Blueberries are ripening on bushes all over South Carolina.
Sometime in the next few weeks, before their season is over, find a pick-your-own farm and discover why some people swear there's nothing better than plump, delicious blueberries picked with your own hands.
If you've never picked blueberries before, don't worry. It's an easy task to master.
Pick during a time when you know the berries are dry. Blueberries picked wet with morning dew or rain spoil more quickly than dry berries.
Gently roll berries from the cluster on the bush with your thumb into the palm of your hand. The ripe berries will just drop off. Never pull or force any berries from the plant because those will not be ripe.
Keep your berries out of direct sunlight when you take them home. A cool place is best, such as a cooler. If you put them in plastic bags, punch some holes in the bags to let in some air. Never leave blueberries sitting in a hot car. They go downhill in a hurry.
When you arrive home with your berries, sort out any leaves, stems or insects. Eat or use the soft, damp berries as soon as possible. If all the berries are damp, gently dry them on paper towels.
You can store blueberries in the vegetable bin of the refrigerator for several days in an uncovered, shallow container. Don't wash them until you are ready to use them. Washing ahead of time only toughens the skins.
If you can't get out to pick your own, pay close attention when buying them at the grocery store. Berries that are uniformly blue and firm will have the best flavor and quality.
If you see blue stains on the paperboard container, that's a sign the berries have been crushed at some point, and they will spoil quickly if they haven't already.
July is National Blueberry Month, in case you didn't know. It's certainly a fruit worthy of such an honor.
Delicious and colorful, the blueberry is packed with good nutrition. The U.S. Department of Agriculture tested more than 50 plant foods for antioxidants, and the blueberry was one of those right at the top of the list.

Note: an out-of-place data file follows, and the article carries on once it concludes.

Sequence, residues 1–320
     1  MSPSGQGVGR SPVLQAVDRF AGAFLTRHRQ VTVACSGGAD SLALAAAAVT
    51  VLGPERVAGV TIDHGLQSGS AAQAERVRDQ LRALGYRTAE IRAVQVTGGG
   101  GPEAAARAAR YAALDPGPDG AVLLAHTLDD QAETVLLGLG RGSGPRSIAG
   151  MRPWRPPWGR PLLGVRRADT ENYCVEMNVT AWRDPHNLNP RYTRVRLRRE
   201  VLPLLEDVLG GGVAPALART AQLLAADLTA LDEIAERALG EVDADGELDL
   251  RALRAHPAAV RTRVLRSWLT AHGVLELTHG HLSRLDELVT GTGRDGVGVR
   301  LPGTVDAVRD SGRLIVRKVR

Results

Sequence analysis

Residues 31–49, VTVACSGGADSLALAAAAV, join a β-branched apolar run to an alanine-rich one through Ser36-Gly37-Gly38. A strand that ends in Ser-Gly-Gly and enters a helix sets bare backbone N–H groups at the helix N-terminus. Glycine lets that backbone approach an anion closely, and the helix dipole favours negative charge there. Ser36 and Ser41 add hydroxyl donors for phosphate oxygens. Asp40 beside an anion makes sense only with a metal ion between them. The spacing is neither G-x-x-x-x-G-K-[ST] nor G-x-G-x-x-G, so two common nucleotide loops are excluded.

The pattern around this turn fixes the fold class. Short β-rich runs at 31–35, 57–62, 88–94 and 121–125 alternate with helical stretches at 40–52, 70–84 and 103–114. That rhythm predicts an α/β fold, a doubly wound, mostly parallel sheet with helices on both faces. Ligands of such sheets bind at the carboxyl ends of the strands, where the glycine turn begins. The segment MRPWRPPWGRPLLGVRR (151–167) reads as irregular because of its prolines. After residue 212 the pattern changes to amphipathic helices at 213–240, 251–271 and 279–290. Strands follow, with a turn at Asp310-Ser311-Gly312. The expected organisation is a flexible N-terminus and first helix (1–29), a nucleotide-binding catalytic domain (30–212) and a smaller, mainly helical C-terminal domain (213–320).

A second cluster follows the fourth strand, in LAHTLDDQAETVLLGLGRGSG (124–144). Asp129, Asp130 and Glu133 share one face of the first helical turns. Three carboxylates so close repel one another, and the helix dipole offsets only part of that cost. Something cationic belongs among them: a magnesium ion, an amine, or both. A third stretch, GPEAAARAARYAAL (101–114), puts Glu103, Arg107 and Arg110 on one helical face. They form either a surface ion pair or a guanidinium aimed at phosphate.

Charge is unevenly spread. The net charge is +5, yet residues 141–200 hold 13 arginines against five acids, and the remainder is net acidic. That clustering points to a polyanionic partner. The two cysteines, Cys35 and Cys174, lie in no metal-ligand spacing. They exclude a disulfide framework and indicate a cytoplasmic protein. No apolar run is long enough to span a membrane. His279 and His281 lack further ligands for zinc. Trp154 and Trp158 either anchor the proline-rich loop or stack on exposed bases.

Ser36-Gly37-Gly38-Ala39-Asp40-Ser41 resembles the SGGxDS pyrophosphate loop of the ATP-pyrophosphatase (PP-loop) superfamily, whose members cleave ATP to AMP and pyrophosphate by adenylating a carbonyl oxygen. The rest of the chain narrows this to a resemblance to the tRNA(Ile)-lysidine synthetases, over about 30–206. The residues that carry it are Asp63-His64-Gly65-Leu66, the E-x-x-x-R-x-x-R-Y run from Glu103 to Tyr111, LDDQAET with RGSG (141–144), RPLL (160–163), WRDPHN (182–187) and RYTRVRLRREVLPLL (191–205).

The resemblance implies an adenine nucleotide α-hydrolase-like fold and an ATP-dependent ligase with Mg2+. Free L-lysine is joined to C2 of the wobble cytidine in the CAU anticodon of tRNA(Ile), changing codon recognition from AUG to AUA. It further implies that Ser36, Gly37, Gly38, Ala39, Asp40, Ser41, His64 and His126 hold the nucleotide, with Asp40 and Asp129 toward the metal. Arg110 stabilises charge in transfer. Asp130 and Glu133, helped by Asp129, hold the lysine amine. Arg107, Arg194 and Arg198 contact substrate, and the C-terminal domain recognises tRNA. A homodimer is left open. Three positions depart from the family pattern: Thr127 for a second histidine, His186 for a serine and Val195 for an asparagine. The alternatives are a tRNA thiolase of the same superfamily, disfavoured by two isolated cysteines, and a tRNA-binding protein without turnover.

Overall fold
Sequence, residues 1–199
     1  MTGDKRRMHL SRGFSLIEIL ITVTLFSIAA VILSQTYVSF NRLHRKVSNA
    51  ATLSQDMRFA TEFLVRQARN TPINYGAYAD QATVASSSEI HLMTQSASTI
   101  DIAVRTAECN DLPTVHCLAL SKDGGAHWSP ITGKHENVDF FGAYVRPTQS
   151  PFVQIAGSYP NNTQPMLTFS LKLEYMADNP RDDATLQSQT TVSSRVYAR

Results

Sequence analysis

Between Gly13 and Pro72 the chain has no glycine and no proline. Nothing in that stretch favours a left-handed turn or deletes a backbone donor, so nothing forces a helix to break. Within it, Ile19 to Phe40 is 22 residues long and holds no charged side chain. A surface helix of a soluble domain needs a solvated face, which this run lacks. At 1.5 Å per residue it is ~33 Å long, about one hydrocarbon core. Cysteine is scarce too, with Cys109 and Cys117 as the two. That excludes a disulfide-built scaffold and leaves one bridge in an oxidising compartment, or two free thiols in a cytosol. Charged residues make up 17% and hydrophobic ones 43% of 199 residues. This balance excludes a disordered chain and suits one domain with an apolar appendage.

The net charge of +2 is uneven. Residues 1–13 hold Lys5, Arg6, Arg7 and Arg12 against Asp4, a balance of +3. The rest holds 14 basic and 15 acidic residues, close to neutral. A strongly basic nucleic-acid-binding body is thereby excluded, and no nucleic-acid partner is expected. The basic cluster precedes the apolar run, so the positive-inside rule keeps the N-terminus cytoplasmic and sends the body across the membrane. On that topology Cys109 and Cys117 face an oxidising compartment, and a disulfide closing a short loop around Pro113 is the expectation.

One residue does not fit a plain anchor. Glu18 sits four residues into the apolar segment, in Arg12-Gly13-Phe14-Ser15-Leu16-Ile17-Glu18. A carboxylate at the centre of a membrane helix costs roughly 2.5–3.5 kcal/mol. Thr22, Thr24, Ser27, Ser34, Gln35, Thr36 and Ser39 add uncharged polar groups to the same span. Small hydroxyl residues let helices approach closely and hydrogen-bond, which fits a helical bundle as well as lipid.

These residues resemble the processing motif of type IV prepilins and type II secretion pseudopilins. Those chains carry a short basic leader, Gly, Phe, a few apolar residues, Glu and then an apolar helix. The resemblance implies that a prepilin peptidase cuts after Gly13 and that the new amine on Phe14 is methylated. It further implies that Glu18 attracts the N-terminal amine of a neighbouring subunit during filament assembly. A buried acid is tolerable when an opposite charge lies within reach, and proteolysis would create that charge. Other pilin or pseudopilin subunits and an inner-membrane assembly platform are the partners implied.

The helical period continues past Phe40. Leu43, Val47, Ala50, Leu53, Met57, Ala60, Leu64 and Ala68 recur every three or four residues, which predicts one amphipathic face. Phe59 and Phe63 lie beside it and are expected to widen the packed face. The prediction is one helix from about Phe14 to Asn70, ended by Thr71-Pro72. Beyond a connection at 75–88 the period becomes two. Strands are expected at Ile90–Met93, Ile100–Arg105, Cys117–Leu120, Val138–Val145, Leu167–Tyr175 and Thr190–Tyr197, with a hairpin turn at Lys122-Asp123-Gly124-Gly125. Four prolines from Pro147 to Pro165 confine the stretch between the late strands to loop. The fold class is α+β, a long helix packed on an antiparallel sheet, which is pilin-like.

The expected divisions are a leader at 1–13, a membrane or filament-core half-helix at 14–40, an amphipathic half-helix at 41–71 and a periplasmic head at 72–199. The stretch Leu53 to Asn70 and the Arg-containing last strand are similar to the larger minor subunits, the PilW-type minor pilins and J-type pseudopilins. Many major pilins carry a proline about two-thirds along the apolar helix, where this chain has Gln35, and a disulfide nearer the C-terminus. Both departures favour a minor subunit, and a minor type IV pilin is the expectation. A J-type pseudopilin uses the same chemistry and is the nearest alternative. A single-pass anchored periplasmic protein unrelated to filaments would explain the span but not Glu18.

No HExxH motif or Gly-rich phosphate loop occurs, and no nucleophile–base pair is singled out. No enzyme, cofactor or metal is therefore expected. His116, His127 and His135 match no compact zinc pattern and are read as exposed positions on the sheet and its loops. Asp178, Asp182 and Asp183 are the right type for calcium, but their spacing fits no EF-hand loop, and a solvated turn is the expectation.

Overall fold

Phytochemicals in blueberries have properties that increase cell membrane fluidity, allowing important nutrients and chemical signals to pass in and out of the cell, thereby reducing inflammatory processes in tissues. The phytochemicals help protect the body against damage from oxidative stress, relieve tired eyes and contain ellagic acid, which helps prevent urinary tract infections.
If you can't eat all your blueberries at once, freeze some of them for use later.
Freeze dry berries in a single layer on a shallow pan lined with wax paper. Transfer frozen berries to freezer bags, label and place the bag in the freezer. Once frozen, blueberries will maintain their quality up to a year at zero degrees or below.
When the time comes to use your frozen berries, measure the amount you need, wash them, and use them while they are still frozen. As they thaw, the frozen berries will discolor lighter-colored foods that are touching them, so plan how you use them.
1 cup all-purpose flour
1 cup whole wheat flour
1/2 cup plus 1/2 tablespoon sugar
1 tablespoon baking powder
1/2 teaspoon cinnamon
1 1/2 to 2 cups fresh or unthawed frozen blueberries
1/4 cup margarine, melted
1/2 cup skim milk
1 egg white
1/2 teaspoon vanilla
In a medium mixing bowl, combine flours, cup sugar, baking powder and cinnamon. In a separate bowl, toss blueberries with 1 tablespoon of the flour mixture, and set aside.
After margarine has cooled slightly, stir in milk, egg, egg white and vanilla. Add mixture to dry ingredients, and stir until well-moistened. Stir in berries.
Spoon batter into non-stick sprayed muffin tins. Sprinkle tops with remaining 1/2 tablespoon sugar. Bake until golden. Let muffins stand for 5 minutes before removing from tins. Serve warm or at room temperature. Makes 12 muffins.